When we work hard to fulfill our dreams, sometimes we can get swallowed up by the journey itself.
The journey can be so thrilling and rocky that we can lose track of our original intentions. We can get so caught up in the “sights and sounds” of the journey that we can forget that we are still headed toward a final destination. If we get really lost, we might even think that the wonderful sights and sounds of the journey are the final destination, and not mere “pit stops.”
Sometimes, the joys and surprises of the journey can be so tempting as to make us want to abandon the promises we made to ourselves at the very beginning of our journey. That is why, every once in a while, it is important to recalibrate. It is important to check back in with our compass. It is important to review the directions on our map. We must remember where we started, and we must make sure we haven’t strayed too far from the path as to be in completely foreign territory.
As I continue to pursue my dream of publishing my first novel, I am learning that knowing how to start the journey and knowing how to continue the journey are to two different animals.
It is true that you are free to begin your story wherever you please, but there are rules to where you continue your story.
If you don’t follow those rules, you could end up just as lost mid-way through the journey as when you began.
Getting So Caught Up In The Process That You Harm The Product
In the writing process, you can get caught up in the smaller scenes, scenes that give you great joy to write, but that are not as vital to your overall story. You can get easily distracted by these “pit stops”–you may even be tempted to go off on a tangent for a while, knowing fully well that you should probably be moving on.
There are so many detours on the way to finishing our story. It is so easy to get distracted. It is so easy to get caught up in the minutiae. It is so easy to get lost in the process itself.
It seems counterintuitive, but getting caught up in the journey can prevent us from completing the journey. It may seem strange but, in my experience, this seems to happen more often than we’d like to admit.
We can get obsessed with trying to get one moment of our story perfect, when what would be most helpful to us is if we just moved on and tried to get the whole story working again.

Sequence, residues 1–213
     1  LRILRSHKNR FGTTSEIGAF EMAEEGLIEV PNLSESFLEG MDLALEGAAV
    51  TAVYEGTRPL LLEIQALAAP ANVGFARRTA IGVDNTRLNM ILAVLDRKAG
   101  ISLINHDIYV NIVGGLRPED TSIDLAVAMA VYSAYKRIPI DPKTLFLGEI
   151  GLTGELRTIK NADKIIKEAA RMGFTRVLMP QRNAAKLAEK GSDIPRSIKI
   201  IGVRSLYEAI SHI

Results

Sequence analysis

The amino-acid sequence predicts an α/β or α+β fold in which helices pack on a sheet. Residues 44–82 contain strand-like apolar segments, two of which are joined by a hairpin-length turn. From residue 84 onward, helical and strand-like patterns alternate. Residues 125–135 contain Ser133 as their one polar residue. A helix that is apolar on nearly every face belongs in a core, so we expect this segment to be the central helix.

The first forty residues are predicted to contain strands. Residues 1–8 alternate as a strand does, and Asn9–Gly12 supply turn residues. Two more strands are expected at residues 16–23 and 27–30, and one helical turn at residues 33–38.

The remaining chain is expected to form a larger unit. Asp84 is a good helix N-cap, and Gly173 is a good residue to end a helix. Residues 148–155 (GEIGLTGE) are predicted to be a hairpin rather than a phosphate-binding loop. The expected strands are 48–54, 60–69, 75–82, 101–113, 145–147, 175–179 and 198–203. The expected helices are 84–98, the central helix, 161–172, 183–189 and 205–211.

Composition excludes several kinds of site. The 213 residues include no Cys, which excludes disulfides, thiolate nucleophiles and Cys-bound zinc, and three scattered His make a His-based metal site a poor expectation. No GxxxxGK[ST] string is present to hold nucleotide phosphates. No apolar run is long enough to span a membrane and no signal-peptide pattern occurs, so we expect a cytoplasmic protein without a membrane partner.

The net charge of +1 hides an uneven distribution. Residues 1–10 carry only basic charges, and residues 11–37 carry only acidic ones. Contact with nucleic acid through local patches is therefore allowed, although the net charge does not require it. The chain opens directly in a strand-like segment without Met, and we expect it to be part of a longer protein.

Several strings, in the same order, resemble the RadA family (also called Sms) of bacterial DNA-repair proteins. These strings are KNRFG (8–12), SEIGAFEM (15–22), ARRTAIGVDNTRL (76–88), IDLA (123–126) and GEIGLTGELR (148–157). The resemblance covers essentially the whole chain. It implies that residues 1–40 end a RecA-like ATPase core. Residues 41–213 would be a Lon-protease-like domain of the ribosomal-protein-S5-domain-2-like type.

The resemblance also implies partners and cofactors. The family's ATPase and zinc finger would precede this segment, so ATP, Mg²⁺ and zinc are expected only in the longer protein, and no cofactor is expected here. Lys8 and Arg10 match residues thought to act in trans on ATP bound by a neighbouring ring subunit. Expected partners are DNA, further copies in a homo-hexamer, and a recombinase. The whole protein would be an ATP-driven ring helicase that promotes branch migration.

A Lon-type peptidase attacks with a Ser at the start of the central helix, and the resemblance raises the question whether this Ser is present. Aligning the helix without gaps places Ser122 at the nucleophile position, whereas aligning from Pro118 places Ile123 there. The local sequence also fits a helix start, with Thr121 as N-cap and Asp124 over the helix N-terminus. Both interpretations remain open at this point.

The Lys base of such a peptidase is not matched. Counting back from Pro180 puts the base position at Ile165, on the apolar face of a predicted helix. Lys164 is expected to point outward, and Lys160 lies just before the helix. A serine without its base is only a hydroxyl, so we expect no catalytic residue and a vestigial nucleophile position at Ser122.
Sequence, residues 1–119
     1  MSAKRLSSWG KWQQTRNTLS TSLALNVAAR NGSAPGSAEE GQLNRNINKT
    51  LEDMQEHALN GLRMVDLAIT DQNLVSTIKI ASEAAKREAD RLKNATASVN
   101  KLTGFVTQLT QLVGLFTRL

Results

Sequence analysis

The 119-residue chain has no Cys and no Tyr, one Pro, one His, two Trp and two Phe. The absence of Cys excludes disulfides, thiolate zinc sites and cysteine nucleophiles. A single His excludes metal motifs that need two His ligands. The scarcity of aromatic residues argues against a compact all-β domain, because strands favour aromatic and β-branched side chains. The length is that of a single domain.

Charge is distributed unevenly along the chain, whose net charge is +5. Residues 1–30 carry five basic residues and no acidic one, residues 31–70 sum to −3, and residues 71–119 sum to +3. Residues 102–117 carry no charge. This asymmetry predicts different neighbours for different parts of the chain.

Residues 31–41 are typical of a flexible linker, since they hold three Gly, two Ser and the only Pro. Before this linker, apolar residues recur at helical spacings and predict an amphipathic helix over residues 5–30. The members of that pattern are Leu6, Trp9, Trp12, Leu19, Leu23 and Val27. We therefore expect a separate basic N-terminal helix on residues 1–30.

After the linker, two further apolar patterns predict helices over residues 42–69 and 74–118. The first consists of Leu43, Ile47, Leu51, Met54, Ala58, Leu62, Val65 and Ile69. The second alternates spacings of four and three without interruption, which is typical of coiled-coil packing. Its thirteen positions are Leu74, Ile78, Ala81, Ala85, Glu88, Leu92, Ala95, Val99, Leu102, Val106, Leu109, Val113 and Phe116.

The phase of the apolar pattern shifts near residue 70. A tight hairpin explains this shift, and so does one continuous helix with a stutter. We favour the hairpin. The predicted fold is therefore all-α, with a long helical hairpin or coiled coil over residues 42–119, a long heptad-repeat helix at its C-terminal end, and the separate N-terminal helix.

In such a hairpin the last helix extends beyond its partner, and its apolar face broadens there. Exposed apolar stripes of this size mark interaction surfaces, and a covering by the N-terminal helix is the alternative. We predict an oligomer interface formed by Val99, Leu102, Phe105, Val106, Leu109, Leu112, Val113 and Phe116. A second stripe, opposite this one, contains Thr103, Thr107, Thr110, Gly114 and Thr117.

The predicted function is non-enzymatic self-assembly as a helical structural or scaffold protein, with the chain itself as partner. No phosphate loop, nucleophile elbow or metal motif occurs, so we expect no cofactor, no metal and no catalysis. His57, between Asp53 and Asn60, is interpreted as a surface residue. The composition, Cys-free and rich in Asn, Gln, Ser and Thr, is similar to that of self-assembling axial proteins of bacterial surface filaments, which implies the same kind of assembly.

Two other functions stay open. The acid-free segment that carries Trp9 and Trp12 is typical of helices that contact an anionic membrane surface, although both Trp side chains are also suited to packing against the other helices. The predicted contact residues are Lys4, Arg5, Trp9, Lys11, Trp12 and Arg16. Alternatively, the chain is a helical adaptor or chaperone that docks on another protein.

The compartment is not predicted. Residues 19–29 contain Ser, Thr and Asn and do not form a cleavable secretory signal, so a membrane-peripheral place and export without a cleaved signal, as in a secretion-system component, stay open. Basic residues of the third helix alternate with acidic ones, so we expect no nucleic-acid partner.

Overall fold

Being Held Hostage By The Process
I am ashamed to say that I’ve been swallowed up by the journey more often than I’d like to admit. But I’m working on getting myself back on track.
It’s not an easy thing to do, but here’s what I’m learning:
When someone just dreams a dream, but doesn’t work to make that dream a reality, that’s being held hostage by the product. But when someone works to make a dream a reality, but forgets to keep dreaming his dream all along the way, that’s being held hostage by the process.
When you allow yourself to be held hostage by the product, you prevent your dreams from unfolding. Likewise, when you allow yourself to be held hostage by the process, you also prevent your dreams from unfolding.
I never knew that one can be held hostage by the process, but it can happen.
When you write, you must always have one eye on the plot and another eye on theme.
In life, there is a similar diligence needed: you must always have one eye on what you do every day and another eye on what it means in the grand scheme of things.
The Process only makes sense if you always have The Product in mind. A Product only makes sense if you have a Process that can turn that Product into a reality. Product and Process go hand in hand, and if we neglect either one, at any point in the game, we may lose both Process and Product.
We end up in “No Man’s Land,” feeling more lost standing in the eye of the hurricane than when we did when we were collapsed at the foot of that whirlwind’s edge.
Where To Continue Your Story
If you are looking for where to begin your story, know that you may begin wherever you like.
But if you are looking for where to continue your story, you must be a lot more accurate.
You must look back and retrace the path that led you to this point (the point in which you currently reside). Then, you must envision the rest of the path, even though you have not visited this end yet. Then, you must take the step that would join the path that has led you here with the path that will lead you to the end you’ve only imagined.
That is where you continue your story: you continue your story at the intersection of Process and Product. From now on, your Process only leads you to your Product; and your Product only beckons you from the end of your Process.
The light of your dream should always be falling across your journey; and your journey should always have sign posts that lead directly to the light of your dream.
Where you go from here on out is a fusion of where the journey has led you and where you still dream of going.
If you want to make sure you don’t get distracted by the process, you have to keep one eye on the plot and another eye on the theme; if you don’t want to get swallowed up by the journey of life, you have to keep one eye on the work and another eye on the dream.
Today’s Courage Exercise
Assess whether you have allowed yourself to be held hostage by the process. Then, see if you can’t engage in the exercise I recommended in the post: examine where you have been and then imagine where you need to be going. See if you can’t re-join your Process with your Product. (Re-join your daily work with the dream that this daily work was supposed to be fulfilling.) Then keep moving forward without distraction. Keep moving forward, no longer mistaking mere “pit-stops” for your final destination.
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